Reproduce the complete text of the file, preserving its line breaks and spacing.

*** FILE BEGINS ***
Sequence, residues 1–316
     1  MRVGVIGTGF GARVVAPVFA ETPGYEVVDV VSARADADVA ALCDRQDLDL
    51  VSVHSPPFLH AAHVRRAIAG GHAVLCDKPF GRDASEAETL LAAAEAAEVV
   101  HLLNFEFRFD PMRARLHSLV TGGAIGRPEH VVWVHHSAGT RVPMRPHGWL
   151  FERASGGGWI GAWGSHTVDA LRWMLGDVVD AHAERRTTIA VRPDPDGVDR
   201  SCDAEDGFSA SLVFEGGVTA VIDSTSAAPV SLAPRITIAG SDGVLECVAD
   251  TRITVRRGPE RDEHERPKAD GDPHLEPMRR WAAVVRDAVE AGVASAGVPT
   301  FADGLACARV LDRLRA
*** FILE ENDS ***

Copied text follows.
Sequence, residues 1–316
     1  MRVGVIGTGF GARVVAPVFA ETPGYEVVDV VSARADADVA ALCDRQDLDL
    51  VSVHSPPFLH AAHVRRAIAG GHAVLCDKPF GRDASEAETL LAAAEAAEVV
   101  HLLNFEFRFD PMRARLHSLV TGGAIGRPEH VVWVHHSAGT RVPMRPHGWL
   151  FERASGGGWI GAWGSHTVDA LRWMLGDVVD AHAERRTTIA VRPDPDGVDR
   201  SCDAEDGFSA SLVFEGGVTA VIDSTSAAPV SLAPRITIAG SDGVLECVAD
   251  TRITVRRGPE RDEHERPKAD GDPHLEPMRR WAAVVRDAVE AGVASAGVPT
   301  FADGLACARV LDRLRA